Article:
The Name of the Star

The Name of the Star by Maureen Johnson

The day Louisiana teenager Rory Deveaux arrives in London marks a memorable occasion. For Rory, it’s the start of a new life at a London boarding school. But for many, this will be remembered as the day a series of brutal murders broke out across the city, gruesome crimes mimicking the horrific Jack the Ripper events of more than a century ago.

Soon “Rippermania” takes hold of modern-day London, and the police are left with few leads and no witnesses. Except one. Rory spotted the man police believe to be the prime suspect. But she is the only one who saw him. Even her roommate, who was walking with her at the time, didn’t notice the mysterious man. So why can only Rory see him? And more urgently, why has Rory become his next target? In this edge-of-your-seat thriller, full of suspense, humor, and romance, Rory will learn the truth about the secret ghost police of London and discover her own shocking abilities.

Maureen Johnson is an author I’d enjoyed in the past, but kind of forgot I liked. I saw The Name of the Star mentioned on another book blog some time ago and purchased it on my Kindle. I started it when I found in need of some distraction during my lunch break.

Johnson has a very engaging style that is every bit in evidence here. I really enjoyed the character of Rory… From her first chapter, I loved her stories about her eccentric family in the south. She was overall a great lead.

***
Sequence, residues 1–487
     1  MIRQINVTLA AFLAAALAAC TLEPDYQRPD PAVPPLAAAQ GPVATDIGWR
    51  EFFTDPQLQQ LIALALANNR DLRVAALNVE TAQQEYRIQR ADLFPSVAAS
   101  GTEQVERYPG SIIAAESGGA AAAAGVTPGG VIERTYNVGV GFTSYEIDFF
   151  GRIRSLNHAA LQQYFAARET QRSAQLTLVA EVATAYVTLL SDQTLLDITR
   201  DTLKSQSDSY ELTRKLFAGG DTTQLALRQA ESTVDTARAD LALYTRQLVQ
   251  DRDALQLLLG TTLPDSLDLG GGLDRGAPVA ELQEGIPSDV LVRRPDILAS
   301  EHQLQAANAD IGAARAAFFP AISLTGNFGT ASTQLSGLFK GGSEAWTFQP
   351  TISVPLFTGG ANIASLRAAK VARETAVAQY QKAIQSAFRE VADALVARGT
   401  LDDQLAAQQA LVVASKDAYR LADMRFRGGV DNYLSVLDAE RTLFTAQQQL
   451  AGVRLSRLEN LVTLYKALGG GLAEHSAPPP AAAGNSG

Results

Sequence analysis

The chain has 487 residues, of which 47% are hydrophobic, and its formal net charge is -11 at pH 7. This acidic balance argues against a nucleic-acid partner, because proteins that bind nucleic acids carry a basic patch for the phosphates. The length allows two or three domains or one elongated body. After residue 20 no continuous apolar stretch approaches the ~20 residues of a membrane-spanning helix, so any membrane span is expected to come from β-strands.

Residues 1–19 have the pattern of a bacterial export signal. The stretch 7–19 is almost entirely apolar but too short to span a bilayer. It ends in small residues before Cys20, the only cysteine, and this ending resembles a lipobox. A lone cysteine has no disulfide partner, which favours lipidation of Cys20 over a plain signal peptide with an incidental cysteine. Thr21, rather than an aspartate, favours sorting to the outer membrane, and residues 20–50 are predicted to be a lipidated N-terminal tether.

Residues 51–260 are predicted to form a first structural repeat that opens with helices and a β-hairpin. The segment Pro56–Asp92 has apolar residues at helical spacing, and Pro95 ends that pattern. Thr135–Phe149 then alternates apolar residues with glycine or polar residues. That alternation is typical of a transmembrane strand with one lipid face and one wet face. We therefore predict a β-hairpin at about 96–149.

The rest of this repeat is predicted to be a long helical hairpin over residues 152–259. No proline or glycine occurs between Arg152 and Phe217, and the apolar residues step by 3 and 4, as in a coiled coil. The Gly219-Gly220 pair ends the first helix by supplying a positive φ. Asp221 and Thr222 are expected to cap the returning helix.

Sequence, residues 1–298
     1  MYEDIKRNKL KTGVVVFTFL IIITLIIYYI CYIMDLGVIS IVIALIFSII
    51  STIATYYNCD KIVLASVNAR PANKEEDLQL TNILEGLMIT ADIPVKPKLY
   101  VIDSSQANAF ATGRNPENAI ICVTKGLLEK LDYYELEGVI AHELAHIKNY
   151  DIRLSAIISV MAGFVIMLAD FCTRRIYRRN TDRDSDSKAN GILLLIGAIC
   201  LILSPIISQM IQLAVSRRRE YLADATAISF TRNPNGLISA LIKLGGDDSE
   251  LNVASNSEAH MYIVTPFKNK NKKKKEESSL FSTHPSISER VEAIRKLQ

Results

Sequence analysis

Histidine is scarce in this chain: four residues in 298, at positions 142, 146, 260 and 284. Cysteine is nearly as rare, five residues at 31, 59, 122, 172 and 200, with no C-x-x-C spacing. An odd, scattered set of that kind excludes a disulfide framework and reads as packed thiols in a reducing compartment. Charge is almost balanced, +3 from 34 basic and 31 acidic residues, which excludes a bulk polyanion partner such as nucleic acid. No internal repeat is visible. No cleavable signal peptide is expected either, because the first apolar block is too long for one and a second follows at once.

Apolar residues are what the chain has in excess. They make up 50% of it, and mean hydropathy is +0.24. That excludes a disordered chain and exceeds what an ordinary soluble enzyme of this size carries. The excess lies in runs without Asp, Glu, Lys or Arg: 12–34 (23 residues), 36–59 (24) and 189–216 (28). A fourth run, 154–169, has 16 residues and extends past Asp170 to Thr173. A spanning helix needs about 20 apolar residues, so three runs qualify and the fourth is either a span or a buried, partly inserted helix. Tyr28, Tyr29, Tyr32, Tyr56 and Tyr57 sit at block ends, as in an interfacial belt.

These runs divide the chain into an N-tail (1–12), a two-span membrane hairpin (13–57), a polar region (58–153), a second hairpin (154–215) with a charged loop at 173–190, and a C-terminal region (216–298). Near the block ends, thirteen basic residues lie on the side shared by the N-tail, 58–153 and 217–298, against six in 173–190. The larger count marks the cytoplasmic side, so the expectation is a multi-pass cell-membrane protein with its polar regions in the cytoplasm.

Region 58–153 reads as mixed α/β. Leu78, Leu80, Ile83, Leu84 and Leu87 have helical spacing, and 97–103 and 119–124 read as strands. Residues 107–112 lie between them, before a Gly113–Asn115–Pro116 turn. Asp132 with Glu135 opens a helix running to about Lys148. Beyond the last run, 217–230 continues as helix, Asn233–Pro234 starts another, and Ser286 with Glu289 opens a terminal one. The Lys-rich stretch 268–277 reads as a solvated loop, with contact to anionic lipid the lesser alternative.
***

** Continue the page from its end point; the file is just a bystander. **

The storyline was intriguing and great… Someone is repeating the Jack the Ripper murders. I loved the mix of history in this YA, set in an old city, at a boarding school (honestly, she had me at boarding school). The time period of the history is also one of my favorites… Victorian.

Supernatural twist: Did not see that coming/ was not prepared for it. But it totally made the book great.

I’m stoked to read the next books in this new series. The Name of the Star was pretty addicting and I’m sure the others in the trilogy will be as well, knowing Johnson’s writing.

Top Ten Tuesday: Top Ten Books Dealing With Tough Subjects

As always, TTT is hosted by The Broke and The Bookish. This week’s topic: top ten books dealing with tough subjects. Rather than choose a particular subject, I chose a variety of books about difficult subjects. I don’t read a lot of these types of books so my list is a little short. Generally, I like my books to be more escapist and won’t usually pick something up if it specifically deals with a difficult subject.

1. Cancer

The Fault in Our Stars by John Green

2. Homophobia/Bullying

Absolute Brightness by James Lecesne

3. Rape

Just Listen by Sarah Dessen

4. Cancer

My Sister’s Keeper by Jodi Picoult

5. School Shootings